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Many emerging markets (EMs) are entering a difficult period of weaker economic growth, capital flight and tighter monetary policy, according to QNB Group. This new period has been marked by the sharp downturns seen in most emerging market asset classes—currencies, equities and bonds—since May 2013. QNB Group expects this trend to continue in the coming months until EM economies improve in early 2014.

In the years following the global financial crisis of 2008, emerging markets performed relatively well in comparison to advanced economies. During the period 2009-11, their economies maintained relatively high growth rates and their currencies appreciated in real terms. EM stock market indexes outperformed other indexes around the world and their bond prices rose considerably since the returns they offered were attractive to investors “hunting for yield,” and they represented a way to diversify global portfolios. This hunt was a response to the very low yields available from advanced economies, where loose monetary policy and Quantitative Easing (QE) drove interest rates to historic lows. Funds investing in EM bonds and equities, a key indicator of portfolio flows, saw some US$90bn in net inflows in 2012 and a further US$46bn in the first four months of 2013.

Things began to shift in early May 2013. Indices tracking baskets of EM equities, bonds and currencies (compiled by MSCI, Bloomberg and JP Morgan, respectively) all declined sharply starting on May 9 (see chart). By June 24, equities were down 17%, bonds 10% and currencies 7%. There has been a small bounce back in the last month, but all three indexes remain well below their recent peaks. These sharp declines have been driven by the withdrawal of funds by foreign investors. US$7bn was withdrawn from EM bond funds in June alone (around 3% of the total value) and equity funds saw even larger withdrawals (US$5bn in the first week of June, the largest withdrawal in nearly two years).

Emerging Market Indices

(rebased to Jan 2013=100)


Source: MSCI, JP Morgan, Bloomberg

The immediate catalyst for this shift from emerging markets is the expectation that the US Federal Reserve will soon begin to taper its QE purchases, ending them sometime in 2014 and raising interest rates starting in 2015. One strong indicator of these expectations is the yield on 10 year Treasuries, which rose from a low of 1.62% at the start of May to a peak of 2.74% in early July. With higher yields on offer in the US, EM bonds look less appealing, partly explaining the capital outflows and their fall in value. In July, EM indices have partly recovered, and US yields have fallen slightly, as Fed officials have backtracked on talks of QE tapering, emphasizing that it will be dependent on the health of the US economy as well as domestic factors and opportunities for global risk diversification.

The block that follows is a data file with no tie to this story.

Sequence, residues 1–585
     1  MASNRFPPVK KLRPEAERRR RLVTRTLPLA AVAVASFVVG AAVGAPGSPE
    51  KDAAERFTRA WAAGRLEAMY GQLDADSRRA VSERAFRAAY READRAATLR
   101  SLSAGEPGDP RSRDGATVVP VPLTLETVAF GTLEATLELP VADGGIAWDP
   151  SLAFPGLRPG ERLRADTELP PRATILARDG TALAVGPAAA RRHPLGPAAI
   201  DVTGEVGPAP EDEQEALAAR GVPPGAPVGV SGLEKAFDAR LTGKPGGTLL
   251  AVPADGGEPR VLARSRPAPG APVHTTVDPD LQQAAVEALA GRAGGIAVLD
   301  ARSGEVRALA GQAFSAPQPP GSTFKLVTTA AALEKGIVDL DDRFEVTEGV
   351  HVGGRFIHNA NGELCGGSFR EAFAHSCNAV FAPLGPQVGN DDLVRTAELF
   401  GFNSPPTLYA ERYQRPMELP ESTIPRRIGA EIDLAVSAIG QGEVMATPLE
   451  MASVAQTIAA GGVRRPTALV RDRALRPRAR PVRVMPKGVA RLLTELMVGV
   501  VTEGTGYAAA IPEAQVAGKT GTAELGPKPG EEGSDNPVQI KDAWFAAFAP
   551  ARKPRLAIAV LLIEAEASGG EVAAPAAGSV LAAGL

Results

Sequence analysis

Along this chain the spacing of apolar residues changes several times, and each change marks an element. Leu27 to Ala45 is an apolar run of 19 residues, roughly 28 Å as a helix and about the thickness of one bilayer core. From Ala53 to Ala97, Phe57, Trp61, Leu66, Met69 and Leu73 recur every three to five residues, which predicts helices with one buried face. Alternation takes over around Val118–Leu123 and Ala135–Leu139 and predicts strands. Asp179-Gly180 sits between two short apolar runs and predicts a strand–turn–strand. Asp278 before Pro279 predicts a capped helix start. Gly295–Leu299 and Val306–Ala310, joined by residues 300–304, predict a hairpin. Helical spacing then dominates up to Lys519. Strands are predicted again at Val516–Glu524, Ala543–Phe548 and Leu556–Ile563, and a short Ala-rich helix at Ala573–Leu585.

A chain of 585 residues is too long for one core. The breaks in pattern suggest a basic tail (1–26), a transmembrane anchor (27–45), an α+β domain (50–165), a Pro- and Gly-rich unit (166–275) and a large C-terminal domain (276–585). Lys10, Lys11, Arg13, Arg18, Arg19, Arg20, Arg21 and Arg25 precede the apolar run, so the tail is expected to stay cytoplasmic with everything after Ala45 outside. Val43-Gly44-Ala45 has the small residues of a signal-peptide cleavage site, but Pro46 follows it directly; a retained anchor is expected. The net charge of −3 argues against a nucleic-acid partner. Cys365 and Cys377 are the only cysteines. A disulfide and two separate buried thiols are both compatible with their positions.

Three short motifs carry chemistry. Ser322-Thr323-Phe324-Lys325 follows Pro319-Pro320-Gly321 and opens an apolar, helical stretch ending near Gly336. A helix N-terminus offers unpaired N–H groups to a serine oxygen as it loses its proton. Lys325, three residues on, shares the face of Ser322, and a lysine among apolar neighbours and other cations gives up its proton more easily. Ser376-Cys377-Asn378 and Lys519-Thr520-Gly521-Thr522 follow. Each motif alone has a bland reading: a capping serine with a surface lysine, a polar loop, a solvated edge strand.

Expectations about the precise timing of QE tapering and monetary tightening will continue to add to market volatility. However, the broad policy direction is clear and emerging markets are now being forced to respond to capital flight by tightening monetary policy, thus reducing their growth prospects.

Three major emerging markets have raised interest rates recently. The Brazilian central bank began tightening last April and has increased policy rates by 100 bps in the last few months. Bank Indonesia raised its rates by 75bps during the same period. India has been the most aggressive, raising its lending rate (though not yet its benchmark repo rate) by 200bps on July 15 in an attempt to stem the sharp decline of the rupee, which recently hit an all time low against the US dollar. Turkey was the most recent country forced to act, raising its base rates by 75bps on July 23.

The problem emerging markets are facing is that monetary tightening will suppress economic growth by making it more expensive for companies and individuals to borrow for investment and consumption. This is coming at a particularly bad time, as many of them are already facing growth rates well below trend, although still ahead of most advanced economies. Brazil, in particular, is struggling and had its IMF growth forecast revised down recently by 50bps for 2013 to 2.5% and 80bps for 2014 to 3.2%. Indeed, India, which is growing at the slowest rate in a decade, was in a cycle of easing monetary policy in the first half of 2013 (cutting rates by 75bp in stages) precisely to support growth.

Aside from monetary policy, some emerging markets have recently made tax and legal changes to encourage capital inflows. Brazil eliminated a 6% tax on foreign bond investment and a 1% tax on currency derivatives (which were introduced a few years ago when the Brazilian Real was appreciating too quickly). Meanwhile India sought to catalyze investment by removing a cap on foreign equity ownership in the telecoms sector, while introducing restrictions on gold imports to reduce its large current account deficit.

Some concerns have been raised about a potential repeat of the Mexico crisis of 1994, when emerging markets suffered substantial capital flight after the Fed tightened policies in 1994. According to QNB Group, this is unlikely because most emerging markets have stronger balance sheets—lower levels of foreign debt and higher foreign currency reserves—than they did in mid-1990s. Although a broad-based emerging market crisis is unlikely, the end of an era of ultra cheap money will still put pressure on the most vulnerable countries. According to QNB Group, further tightening of monetary policies will therefore be inevitable, resulting in lower economic growth in emerging markets during the coming months, until a recovery takes hold in 2014.

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